No, veneers (dental veneers) do not ruin your teeth. In fact, they improve the appearance of damaged or flawed teeth. Only a small, thin tooth structure is removed to make way for the veneers. Even if the veneer cracks, you can repair the damage by getting a new veneer. Make sure you get the veneer fitted on your teeth from a qualified and experienced dentist.
With traditional porcelain veneers, the tooth structure is permanently altered to give you a good-looking smile.
What are the types of dental veneers?
Dental veneers are made either from porcelain or composite resin material. Accordingly, they are of two types: porcelain veneers and composite veneers.
Once they are fitted into your teeth, composite veneers (also known as composite bonding) can be removed. Hence, the procedure involving composite veneers is completely reversible. Porcelain veneers are permanent and cannot be removed. They are also costlier than the composite ones. Your dentist will do your dental checkup and suggest you the right one among the two.
What are the benefits of veneers?
Veneers are tooth-shaped shells that dentists place on the front of your natural teeth to hide any flaws. These flaws can be:
- Damaged teeth due to erosion or grinding
- Chipped or broken teeth
- Misaligned teeth
- Poorly shaped teeth
- Uneven teeth
- Gaps in teeth
- Stained or yellow teeth that fail to respond to whitening treatment (veneers are stain-resistant)
The veneers help change the shape, size, and color of the teeth to give you a better smile.
What happens before the veneer procedure?
Your dentist will check your teeth to see if you can get veneers on them. Your teeth X-ray will be taken to see if there is any issue beneath them. If they think that you cannot use them for your teeth, they will suggest other cosmetic dentistry options such as composite veneers, dental bonding, or orthodontic treatments.
Your dentist will take a digital smile preview to show how your smile will look after you get the veneers. For this, they will take a picture of your face and digitally edit the teeth. You can see the picture of how the veneers will look on your teeth. Then you can finally decide whether you want to go for the procedure or not.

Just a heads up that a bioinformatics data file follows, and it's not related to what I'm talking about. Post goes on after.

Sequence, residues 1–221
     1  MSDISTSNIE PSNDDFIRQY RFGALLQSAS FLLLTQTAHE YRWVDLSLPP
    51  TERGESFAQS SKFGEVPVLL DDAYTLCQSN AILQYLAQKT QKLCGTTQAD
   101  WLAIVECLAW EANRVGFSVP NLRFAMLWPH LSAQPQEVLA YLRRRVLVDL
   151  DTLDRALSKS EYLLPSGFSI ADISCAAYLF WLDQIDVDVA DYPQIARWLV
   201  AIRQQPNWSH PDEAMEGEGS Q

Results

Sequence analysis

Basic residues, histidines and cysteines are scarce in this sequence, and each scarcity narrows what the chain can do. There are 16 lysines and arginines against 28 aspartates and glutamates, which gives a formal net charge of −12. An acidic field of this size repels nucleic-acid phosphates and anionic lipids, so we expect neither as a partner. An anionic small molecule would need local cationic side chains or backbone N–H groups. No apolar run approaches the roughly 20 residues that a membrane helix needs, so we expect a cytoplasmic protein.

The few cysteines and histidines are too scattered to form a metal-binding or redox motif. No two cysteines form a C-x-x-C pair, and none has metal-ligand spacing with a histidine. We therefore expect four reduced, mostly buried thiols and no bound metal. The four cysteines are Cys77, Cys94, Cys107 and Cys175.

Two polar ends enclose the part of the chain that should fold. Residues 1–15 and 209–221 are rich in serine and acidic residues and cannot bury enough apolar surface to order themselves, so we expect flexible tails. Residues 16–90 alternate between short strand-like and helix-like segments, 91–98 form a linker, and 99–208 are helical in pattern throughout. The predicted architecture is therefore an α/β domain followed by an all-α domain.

Most insurance companies cover 50% of the total cost of the procedure. But make sure you ask your dentist and check your insurance policy or ask the insurance company.
Depending upon the severity of your flaw, you can get 1-12 veneers on your teeth.
The color of your veneer is usually decided by the dentist. Most people get a veneer with a whiter shade than the present color of their teeth. You can follow up with a teeth-whitening treatment to match the veneer color.
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carbamide peroxide oralCarbamide peroxide is an oral rinse that is used for temporary cleansing of canker sores or gum inflammation due to minor dental procedures, dentures or other oral irritations. Common side effects of carbamide peroxide oral include local irritation, redness, tooth sensitivity, and gum irritation. Superinfection with prolonged use. Consult your doctor if pregnant.
Common Medical Abbreviations & Terms
Doctors, pharmacists, and other health-care professionals use abbreviations, acronyms, and other terminology for instructions and information in regard to a patient's health condition, prescription drugs they are to take, or medical procedures that have been ordered. There is no approved this list of common medical abbreviations, acronyms, and terminology used by doctors and other health- care professionals. You can use this list of medical abbreviations and acronyms written by our doctors the next time you can't understand what is on your prescription package, blood test results, or medical procedure orders. Examples include:
- ANED: Alive no evidence of disease. The patient arrived in the ER alive with no evidence of disease.
- ARF: Acute renal (kidney) failure
- cap: Capsule.
- CPAP: Continuous positive airway pressure. A treatment for sleep apnea.
- DJD: Degenerative joint disease. Another term for osteoarthritis.
- DM: Diabetes mellitus. Type 1 and type 2 diabetes
- HA: Headache
- IBD: Inflammatory bowel disease. A name for two disorders of the gastrointestinal (BI) tract, Crohn's disease and ulcerative colitis
- JT: Joint
- N/V: Nausea or vomiting.
- p.o.: By mouth. From the Latin terminology per os.
- q.i.d.: Four times daily. As in taking a medicine four times daily.
- RA: Rheumatoid arthritis
- SOB: Shortness of breath.
- T: Temperature. Temperature is recorded as part of the physical examination. It is one of the "vital signs."
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